Seven Summits: The Pinnacle of Mountain Climbing
- aconcagua, cartensz pyramid, denaliX elbrus, everest, Kilimanjaro, Seven summits, vinson
The Seven Summits has captured the imagination of both ordinary adventurers and aspiring mountain climbers and more recently among the rich and famous too.
To climb the highest peak on each of the seven continents is a pinnacle of achievement for the die-hard mountaineer. It is a goal for those who are determined to apprentice and master this high altitude adventure pursuit, spend a lot of time, (lots of money) and energy, years in fact, slogging in remote corners of the world.
The Seven Summits, from highest to lowest, are:
1. Asia (Nepal): Mount Everest 29,035 feet/8850 meters
2. South America (Argentina): Aconcagua 22,829 feet/6962 meters
3. North America (Alaska): Denali also known as Mount McKinley 20,320 feet/6194 meters
4. Africa(Tanzania): Kilimanjaro 19,340 feet/5895 meters
5. Europe (Russia): Mount Elbrus 18,510 feet/5642 meters
6. Antarctica: Mount Vinson 16,067 feet/4897 meters
7. Australasia/Oceania(Papua New Guinea): Carstensz Pyramid 16,023 feet/4884 meters
8. Australia: Mount Kosciusko 7,310 feet/2228 meters
For many, the first taste of the quest for the fabled seven starts with the allure of Kilimanjaro, the iconic landmark in Africa, the most attractive and the easiest of the bloc. This is followed by other relatively easier non-technical peaks of Elbrus and Aconcagua whilst developing the resilience and skills to tackle the more remote peaks like Mt Vinson in Antarctica and Denali (Mt McKinley) in North America. The final two include the Carstensz Pyramid, a technical rock summit on the island of Papua New Guinea and the ultimate prize Everest, the summit of Asia and the highest point in the world.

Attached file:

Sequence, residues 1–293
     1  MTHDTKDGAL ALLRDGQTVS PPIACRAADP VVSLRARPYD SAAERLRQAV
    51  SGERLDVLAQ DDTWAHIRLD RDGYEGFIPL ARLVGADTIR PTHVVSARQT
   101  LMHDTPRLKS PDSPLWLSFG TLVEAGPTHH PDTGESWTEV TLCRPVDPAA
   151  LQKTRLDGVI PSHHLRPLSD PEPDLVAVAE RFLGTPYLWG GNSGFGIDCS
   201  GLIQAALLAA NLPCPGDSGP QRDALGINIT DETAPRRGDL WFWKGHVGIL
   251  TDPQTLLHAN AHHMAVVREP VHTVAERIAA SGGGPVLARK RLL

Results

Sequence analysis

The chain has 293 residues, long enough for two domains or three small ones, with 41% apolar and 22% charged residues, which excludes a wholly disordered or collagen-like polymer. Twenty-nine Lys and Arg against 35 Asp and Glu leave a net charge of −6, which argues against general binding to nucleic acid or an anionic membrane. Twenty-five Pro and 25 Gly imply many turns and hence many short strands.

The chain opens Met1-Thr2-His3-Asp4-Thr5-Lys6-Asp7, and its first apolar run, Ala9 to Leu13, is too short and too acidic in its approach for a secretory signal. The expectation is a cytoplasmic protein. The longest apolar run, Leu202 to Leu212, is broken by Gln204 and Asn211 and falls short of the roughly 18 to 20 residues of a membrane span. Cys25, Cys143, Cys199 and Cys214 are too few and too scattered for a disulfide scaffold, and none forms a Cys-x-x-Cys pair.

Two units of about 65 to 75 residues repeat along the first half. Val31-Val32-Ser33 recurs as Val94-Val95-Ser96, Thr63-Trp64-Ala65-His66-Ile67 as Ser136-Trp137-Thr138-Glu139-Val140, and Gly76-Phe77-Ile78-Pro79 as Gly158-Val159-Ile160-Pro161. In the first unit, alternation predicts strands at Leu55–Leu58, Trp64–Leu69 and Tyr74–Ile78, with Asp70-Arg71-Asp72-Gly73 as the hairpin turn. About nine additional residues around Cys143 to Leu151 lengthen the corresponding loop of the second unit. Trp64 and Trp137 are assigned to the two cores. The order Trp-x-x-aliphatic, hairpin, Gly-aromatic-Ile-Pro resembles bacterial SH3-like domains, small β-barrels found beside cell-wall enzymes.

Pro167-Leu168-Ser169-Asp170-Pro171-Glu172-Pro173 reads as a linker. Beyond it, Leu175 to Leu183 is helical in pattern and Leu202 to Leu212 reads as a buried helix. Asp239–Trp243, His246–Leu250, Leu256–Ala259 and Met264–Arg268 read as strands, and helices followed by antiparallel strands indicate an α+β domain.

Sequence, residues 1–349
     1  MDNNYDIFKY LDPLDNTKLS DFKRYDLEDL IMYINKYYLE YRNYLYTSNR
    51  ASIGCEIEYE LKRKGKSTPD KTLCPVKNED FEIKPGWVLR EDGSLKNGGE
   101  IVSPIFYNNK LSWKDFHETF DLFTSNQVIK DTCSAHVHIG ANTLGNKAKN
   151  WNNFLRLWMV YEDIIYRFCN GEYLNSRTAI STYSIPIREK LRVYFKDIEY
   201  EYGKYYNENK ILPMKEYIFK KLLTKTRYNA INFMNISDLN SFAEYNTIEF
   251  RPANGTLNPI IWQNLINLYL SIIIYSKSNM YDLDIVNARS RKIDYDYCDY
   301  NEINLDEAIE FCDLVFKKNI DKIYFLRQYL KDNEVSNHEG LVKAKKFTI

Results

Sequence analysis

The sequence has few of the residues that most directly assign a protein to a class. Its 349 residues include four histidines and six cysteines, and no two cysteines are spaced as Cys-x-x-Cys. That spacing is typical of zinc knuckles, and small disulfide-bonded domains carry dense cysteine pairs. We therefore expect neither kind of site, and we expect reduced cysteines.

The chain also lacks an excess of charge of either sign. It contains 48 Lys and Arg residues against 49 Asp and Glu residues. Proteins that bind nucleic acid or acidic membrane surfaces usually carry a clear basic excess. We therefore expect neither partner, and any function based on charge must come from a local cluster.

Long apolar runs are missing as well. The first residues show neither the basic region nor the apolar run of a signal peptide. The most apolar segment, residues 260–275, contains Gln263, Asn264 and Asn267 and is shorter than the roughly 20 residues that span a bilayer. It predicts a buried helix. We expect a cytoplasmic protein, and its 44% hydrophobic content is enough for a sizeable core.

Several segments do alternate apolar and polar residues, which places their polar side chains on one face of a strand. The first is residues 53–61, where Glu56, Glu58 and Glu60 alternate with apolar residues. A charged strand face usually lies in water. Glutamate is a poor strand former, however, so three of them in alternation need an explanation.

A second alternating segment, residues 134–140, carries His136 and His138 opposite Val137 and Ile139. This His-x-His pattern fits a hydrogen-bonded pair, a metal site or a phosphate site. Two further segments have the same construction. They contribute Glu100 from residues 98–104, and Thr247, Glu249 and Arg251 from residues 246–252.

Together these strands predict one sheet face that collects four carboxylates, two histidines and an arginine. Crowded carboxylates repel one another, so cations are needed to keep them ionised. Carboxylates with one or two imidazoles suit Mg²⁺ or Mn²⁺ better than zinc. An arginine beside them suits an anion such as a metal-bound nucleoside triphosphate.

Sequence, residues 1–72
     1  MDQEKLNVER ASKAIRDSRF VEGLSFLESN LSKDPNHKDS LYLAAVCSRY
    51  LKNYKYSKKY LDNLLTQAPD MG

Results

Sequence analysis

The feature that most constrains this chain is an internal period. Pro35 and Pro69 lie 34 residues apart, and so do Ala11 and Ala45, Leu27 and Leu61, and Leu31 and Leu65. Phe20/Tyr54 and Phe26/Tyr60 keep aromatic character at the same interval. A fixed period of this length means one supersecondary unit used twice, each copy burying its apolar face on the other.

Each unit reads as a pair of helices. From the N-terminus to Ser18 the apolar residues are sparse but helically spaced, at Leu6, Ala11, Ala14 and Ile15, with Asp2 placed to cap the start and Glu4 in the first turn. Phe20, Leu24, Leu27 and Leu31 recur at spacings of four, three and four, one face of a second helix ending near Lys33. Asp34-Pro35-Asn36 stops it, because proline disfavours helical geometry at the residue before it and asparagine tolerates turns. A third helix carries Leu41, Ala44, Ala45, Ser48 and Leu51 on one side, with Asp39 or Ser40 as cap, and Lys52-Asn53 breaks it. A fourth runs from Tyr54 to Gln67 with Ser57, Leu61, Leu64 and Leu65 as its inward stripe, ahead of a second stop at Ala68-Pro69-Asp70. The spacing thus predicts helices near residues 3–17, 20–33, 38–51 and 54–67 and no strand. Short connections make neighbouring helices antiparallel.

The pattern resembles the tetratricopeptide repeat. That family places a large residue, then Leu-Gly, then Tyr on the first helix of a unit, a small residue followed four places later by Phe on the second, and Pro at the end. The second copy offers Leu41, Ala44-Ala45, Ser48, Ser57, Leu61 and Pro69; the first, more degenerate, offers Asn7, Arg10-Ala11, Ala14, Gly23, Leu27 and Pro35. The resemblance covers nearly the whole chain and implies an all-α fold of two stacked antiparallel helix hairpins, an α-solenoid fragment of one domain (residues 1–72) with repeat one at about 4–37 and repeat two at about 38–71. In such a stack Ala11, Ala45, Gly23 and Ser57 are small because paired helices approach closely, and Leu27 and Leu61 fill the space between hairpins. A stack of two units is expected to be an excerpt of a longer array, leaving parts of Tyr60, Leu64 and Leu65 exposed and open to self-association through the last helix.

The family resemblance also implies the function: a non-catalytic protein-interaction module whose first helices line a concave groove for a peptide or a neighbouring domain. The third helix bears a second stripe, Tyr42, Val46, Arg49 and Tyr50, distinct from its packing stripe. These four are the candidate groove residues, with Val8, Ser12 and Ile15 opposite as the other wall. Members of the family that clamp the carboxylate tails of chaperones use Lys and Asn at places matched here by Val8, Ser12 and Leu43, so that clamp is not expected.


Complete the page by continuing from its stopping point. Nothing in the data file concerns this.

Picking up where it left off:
Late American millionaire Dick Bass, an amateur to mountaineering came up with the idea of climbing the Seven Summits, becoming the first to reach the top of all the continents in 1985 at the age of 55. His experience is detailed in the best selling book, Seven Summits but it was not without controversy, as Bass selected Mount Kosciuszko, gentle and an easier hike as the true summit of the Australian continent.
The legendary Italian mountaineer Reinhold Messner then went on to create his own Seven Summits list and included Papua New Guinea’s rugged Carstensz Pyramid, a far more higher and challenging limestone peak, as the highest point of the Australian continent that represent a larger Australasia or Oceania land mass rather than sticking with Mount Kosciuszko located in the mainland Australia. In 1986 Canadian Pat Morrow, using the Messner’s list, became the first climber to ascend the seven peaks. Messner himself summitted all seven peaks on his list a few months later same year.
To date there are only around 250 people in the world (About 10 Canadians) to have completed the challenge. They came from many backgrounds, from dot.com millionaires and Wall Street brokers to ordinary adventure seekers and from young teenagers to the older baby boomers in their 70’s. Many thousands continue to pursue the dream of joining the exclusive Seven Summits club.
How much does it cost to do the Seven Summits? It costs anywhere between $200,000 -$250,000 to climb all of the seven which includes outfitter/guide service and travel expenses. A guided client shell out as much as $65,000 to some of the A grade North American guide companies for the chance to reach the lofty summit of Mt. Everest and Mount Vinson in the frozen Antarctica at $30,000 for one attempt. All the hype about climbing the list and the exorbitant costs has led to lots of controversy over the years as some of the rich, famous and the inexperienced paid immense amounts of cash to outfitters to drag, cajole, and short-rope them up the difficult peaks like Everest, Denali, and Mount Vinson often endangering the lives of many by pushing them hard toward summits.
The question to ask however is not whether you can afford it. But would you spend a lot of money and get one of the outfitters to drag you up for the sake of collecting the list for bragging rights or rather garner the necessary experience and skills that would allow you to climb these peaks as a true mountaineer ?
- Seven Summits by Dick Bass, Frank Wells with Rick Ridgeway
- Together on top of the World, by Phil Ershler
- Beyond Everest – Quest For the Seven Summits, by Pat Morrow